Between our back garden and the neighbours’, we have a tall fence covered in densely growing winter jasmine. Hearing a loud jabberwockery the other day, I looked out and saw a mighty magpie viciously attacking something in the twiggy mass. It was joined by a second (oh good, two for joy!) and the two of them savagely thrust beaks and claws into the jasmine, vigorously pulling out lengths of stems and snapping them off.
Were they collecting nesting material? But if so, why not just take the dead shoots instead of breaking off living ones? Was their thousand-volt attack aimed at some poor quivering creature hiding in the foliage? I shuddered at the thought of the power behind those vorpal beaks, and certainly would not want to be a mouse or small bird on the receiving end. After some time the second one flew away, and the original bird followed.
I went out to see what had caused this outburst of apparent yobbery. The fence is 6 feet high on the neighbour’s side, but our land is lower so the top is 7 feet up on our side, and I had to reach as high as I could to look into the bush. Yes, there was something there: a dark shape, something hard, not – thank God! – a creature, either alive or dead. I reached in and with a bit of effort pulled it out.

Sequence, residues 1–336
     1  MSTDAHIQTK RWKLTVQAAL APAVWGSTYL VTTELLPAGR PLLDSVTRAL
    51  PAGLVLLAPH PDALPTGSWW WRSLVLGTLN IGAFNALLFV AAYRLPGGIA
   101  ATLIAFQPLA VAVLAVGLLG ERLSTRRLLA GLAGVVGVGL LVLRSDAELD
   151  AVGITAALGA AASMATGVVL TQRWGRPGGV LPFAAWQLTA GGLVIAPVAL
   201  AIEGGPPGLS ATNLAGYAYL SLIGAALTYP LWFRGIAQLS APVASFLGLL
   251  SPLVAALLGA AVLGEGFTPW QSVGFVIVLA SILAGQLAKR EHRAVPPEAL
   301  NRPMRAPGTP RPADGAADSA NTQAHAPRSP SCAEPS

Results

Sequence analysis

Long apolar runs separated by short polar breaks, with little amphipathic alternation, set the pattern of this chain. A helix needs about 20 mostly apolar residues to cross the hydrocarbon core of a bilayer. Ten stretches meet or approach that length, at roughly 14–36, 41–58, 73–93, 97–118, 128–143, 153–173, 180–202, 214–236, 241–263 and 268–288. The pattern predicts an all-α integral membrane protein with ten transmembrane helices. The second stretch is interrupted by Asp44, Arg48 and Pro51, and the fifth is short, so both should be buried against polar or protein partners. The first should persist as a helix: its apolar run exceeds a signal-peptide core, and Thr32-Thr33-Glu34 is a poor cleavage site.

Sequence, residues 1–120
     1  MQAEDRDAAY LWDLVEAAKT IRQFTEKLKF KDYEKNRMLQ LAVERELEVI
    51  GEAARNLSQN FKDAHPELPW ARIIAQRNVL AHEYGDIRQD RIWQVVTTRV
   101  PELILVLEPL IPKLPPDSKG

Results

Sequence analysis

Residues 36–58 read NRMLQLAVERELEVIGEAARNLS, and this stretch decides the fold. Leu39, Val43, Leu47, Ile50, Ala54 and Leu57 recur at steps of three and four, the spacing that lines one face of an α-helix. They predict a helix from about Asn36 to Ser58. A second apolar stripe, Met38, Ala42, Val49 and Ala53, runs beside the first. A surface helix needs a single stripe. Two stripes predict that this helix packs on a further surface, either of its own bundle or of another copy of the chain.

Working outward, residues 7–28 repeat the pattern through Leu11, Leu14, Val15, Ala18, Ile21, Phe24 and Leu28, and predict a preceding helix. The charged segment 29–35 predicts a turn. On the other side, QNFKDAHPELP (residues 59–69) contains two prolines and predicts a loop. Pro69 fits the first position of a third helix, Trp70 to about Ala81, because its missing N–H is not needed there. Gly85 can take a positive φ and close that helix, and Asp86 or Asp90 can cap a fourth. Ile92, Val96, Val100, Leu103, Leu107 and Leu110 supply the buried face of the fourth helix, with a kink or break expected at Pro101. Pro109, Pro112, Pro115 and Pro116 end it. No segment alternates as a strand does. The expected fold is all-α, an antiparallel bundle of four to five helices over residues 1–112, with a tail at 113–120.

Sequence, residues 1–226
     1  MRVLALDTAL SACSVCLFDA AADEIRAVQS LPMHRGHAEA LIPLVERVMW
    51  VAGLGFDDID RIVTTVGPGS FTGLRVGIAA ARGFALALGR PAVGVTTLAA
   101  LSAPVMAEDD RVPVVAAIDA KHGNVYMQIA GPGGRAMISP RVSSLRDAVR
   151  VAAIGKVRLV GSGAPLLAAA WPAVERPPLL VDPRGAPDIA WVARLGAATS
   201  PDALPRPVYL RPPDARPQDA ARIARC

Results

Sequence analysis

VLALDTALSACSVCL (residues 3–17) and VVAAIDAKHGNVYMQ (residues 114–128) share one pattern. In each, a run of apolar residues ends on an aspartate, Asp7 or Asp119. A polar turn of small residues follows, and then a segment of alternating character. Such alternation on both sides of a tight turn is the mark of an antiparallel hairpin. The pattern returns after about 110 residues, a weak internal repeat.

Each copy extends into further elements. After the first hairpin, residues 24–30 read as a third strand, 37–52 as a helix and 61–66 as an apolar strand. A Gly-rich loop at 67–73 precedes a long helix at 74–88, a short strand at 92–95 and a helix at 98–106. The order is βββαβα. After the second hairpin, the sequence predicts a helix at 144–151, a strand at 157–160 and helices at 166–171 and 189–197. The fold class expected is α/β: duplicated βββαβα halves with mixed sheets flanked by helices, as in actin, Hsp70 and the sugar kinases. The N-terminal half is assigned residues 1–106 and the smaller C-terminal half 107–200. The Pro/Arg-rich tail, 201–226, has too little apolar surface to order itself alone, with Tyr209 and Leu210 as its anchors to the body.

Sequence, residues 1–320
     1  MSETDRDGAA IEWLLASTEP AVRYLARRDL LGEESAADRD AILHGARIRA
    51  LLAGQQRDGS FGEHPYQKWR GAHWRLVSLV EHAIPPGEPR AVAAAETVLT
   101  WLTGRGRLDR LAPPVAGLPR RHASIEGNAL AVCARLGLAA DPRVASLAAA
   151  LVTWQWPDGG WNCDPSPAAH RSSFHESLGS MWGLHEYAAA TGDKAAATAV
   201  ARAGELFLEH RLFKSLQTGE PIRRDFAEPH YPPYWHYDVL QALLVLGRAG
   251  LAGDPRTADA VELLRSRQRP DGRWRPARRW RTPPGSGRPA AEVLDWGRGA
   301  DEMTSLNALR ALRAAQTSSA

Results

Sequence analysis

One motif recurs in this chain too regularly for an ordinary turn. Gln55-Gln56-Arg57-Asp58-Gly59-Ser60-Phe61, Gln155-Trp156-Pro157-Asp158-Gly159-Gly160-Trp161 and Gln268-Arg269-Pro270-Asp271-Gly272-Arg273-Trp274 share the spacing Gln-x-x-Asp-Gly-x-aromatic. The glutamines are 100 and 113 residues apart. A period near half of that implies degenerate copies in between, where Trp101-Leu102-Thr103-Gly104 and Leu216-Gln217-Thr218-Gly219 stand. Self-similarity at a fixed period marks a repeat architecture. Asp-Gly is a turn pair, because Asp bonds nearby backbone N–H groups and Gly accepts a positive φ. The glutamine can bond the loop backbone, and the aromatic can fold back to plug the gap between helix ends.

It was the remains of a computer keyboard minus most of the keycaps, what I believe is called the keyswitch membrane. How it got there is a mystery. We’ve had some very strong winds lately, so probably it was blown there from someone’s rubbish. Why were the magpies so incensed by it?
We all know that magpies are attracted by shiny things although latest research suggests that they are frightened of them.
Whether it was fear or desire firing our pair, I don’t know. Magpies, like all corvidae, are highly intelligent birds, but who can tell what was going on in their birdy heads? Were they trying to kill it? Or is a computer keyboard the latest status symbol for the yuppy magpie nest, preparing the nestlings for life in the age of social media from the moment they are hatched? Pick and peck system of typing, of course; you couldn’t expect them to learn to touch type and they don’t have thumbs. It might also have made a good rainproof roof for the nest: shiny side outside, naturally, to impress less affluent birds.
Magpies get a bad press, and they are blessed with a very raucous voice, but I have to confess to my admiration for these extremely clever and beautiful creatures, with their proud tail and iridescent green-blue-purple feathers. They are truly gorgeous to look at close up. But I was also shocked at the vigour and violence of their attack.
I was tempted to leave the keyboard out in the garden for them and watch what they did with it, but my ecological instincts prevailed and I regretfully put it in the recycling bin instead. After all, I wouldn’t want to be responsible for the first computer-literate clutch of pica pica.